On a dingy weekday, sometime last month, Apple did something unprecedented. They invited five journalists to their headquarters and for the first time in recorded history, revealed their plans for creating a new Mac Pro. A machine that hasn’t been updated for more than three years. A machine that won’t be out for at least a year.
They didn’t have any physical product or sketches to show. For all we know, the Mac Pro plan just exists on a whiteboard somewhere in Cupertino. In the meeting, Apple promised pro users that there’s nothing to worry about. There’s going to be a new Mac Pro, maybe even an iMac Pro and the Mac isn’t going anywhere, anytime soon.
That’s why we’re recommending you avoid buying a desktop Mac for the time being.
What Went Wrong
When creating the 2013 cylindrical Mac Pro (lovingly known as trash can Mac Pro), Apple had a particular vision of the future. A small, closed CPU with sealed components where all the extensibility happened externally, through Thunderbolt 2 ports.
According to Apple, the future of professional hardware depended on one huge CPU and two smaller GPUs, working in parallel (placed in a triangular design). But the market and the GPU industry decided that wasn’t the case. What actually works better is just one, huge, hot, power hungry GPU. And no accessory maker truly embraced the Thunderbolt 2 standard.
And there was no place for that in the current Mac Pro. The triangular design couldn’t be modified to include more powerful GPUs.
In the words of Craig Federighi, Apple designed themselves “into a bit of a thermal corner”. There was just too much heat. And that’s all we know for a fact. As to why Apple waited three years before making this announcement, or why didn’t they just upgrade the Mac Pro with faster versions of the same hardware, or why didn’t they just drop the price or the product? We have no idea.
What we do know is that Apple made a mistake when they chose a closed, non-modular system. Professionals want extensibility, and it seems like Apple has finally learned that.
The State of Professional Mac Desktops
We learned some interesting tidbits from the interview:
- 15 percent of Mac users use at least one “pro” app frequently.
- The split between laptops and desktop Mac sales is around 80/20 in favor of portability.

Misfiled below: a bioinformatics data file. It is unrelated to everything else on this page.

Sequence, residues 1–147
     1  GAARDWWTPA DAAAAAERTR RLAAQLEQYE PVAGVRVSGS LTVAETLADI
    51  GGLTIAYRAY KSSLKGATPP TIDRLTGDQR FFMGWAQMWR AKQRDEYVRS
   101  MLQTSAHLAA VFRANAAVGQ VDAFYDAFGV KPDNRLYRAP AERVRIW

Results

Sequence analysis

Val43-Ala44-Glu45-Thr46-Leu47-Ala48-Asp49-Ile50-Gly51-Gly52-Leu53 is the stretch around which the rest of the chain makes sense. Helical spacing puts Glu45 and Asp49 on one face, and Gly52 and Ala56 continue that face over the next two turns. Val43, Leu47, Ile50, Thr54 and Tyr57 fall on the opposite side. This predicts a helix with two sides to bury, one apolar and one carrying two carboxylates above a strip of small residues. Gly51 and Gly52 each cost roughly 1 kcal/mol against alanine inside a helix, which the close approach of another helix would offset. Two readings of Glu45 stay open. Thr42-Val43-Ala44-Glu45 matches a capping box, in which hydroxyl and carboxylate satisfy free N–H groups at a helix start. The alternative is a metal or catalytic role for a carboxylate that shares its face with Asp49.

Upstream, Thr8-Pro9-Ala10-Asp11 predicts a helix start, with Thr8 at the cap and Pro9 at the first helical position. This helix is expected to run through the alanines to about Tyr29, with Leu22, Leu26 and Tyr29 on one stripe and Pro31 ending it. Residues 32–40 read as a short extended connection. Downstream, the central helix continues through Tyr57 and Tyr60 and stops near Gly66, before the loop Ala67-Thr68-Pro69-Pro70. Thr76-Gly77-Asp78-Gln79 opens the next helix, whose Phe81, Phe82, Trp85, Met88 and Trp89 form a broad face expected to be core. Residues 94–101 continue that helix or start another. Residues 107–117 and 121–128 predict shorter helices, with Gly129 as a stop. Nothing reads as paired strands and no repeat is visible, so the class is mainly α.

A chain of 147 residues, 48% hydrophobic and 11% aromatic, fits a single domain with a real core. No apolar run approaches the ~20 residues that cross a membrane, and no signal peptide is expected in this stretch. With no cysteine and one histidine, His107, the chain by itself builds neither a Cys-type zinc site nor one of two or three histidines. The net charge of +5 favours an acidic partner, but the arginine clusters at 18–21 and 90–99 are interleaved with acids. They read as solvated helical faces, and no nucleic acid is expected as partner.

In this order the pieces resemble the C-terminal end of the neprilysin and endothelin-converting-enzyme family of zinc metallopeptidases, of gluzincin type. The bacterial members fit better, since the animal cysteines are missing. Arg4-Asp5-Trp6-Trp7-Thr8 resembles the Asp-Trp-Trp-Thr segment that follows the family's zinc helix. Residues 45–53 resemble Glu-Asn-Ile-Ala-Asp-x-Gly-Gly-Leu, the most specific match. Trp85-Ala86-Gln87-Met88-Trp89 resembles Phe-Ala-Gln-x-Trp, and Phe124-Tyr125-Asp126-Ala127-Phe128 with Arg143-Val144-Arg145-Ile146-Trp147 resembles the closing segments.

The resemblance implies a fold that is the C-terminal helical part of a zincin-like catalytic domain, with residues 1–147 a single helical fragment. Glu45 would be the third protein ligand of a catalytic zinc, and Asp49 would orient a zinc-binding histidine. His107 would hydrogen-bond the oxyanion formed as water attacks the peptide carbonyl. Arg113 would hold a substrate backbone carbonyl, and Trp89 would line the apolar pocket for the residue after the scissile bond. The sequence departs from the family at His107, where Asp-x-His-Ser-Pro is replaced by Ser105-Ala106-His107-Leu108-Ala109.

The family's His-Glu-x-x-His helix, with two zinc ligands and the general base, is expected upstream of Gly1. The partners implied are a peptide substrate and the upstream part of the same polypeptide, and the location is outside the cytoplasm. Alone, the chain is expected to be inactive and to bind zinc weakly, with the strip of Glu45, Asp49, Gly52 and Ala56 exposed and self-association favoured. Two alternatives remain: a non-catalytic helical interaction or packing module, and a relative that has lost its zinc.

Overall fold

- When it comes to pro users, MacBook is the preferred machine. The iMac is second, while the Mac Pro comes in third.
- The Mac Pro has a single digit market share in Macs. Even if it’s closer to 1 percent, that’s still a surprisingly low number.
What to Expect
There are three things that are coming: a new modular Mac Pro, a professional grade display to go with it, and a possible top-of-the-line iMac Pro. Apple hasn’t promised a launch date for the Mac Pro, all we know is that it’s not coming this year.
One thing we know for sure is that the new Mac Pro will be modular. We don’t know what that means in Apple-speak but it should be easily upgradable, either by the end user or by Apple. We can assume that Pros will be able to buy a base system and upgrade components like the RAM, GPU, storage and more with newer components as time goes on.
The notion of an upgraded, more “pro-friendly” Mac Pro is also interesting. A newer 5K iMac with six-core Xeon processors would certainly be intriguing for professionals that need more parallel processing power instead of graphics strength.
Why You Shouldn’t Buy a Desktop Mac Right Now
It has now been 18 months since the last iMac update. The poor old Mac mini hasn’t seen an update since October 2014 (and that update actually made it worse). The current Mac Pro was released in December 2013.
The current state of desktop Mac hardware, to put it mildly, is a bit sad. But the important thing is that sunrise is right around the corner. Yes, the Mac Pro isn’t coming for another year but the new iMacs (including the iMac Pros) should be with us in the next couple of months.
If you have to have a powerful Mac for things like photo or video editing, the best option right now is the 2016 or 2015 15-inch MacBook Pro. Max out the RAM and upgrade the CPU. Add a display (like LG’s 5K UltraFine display) and you should be good to go. No, it’s not a true replacement for a desktop Mac, but it should do just fine.
When it comes to the Mac Pro, Apple is still selling the 2013 version, with a bit of a shuffle. The starting price is still the same but you now get the mid-level components for the base price.
The Future of Professional Macs
Even though this news affects just 1 percent of total Mac users, this is still a big deal. As users who depend on Macs to make a living, it renews our faith in the company. I’ve personally argued (offline, online and in my writing) that the Mac isn’t going anywhere. And this move from Apple should help us all settle down a bit.
As long as Apple is committed to creating specialized machines for a comparatively smaller market size, the Mac will thrive — both in hardware and software.
Are you waiting for the next desktop Mac from Apple? Or are you satisfied with your MacBook?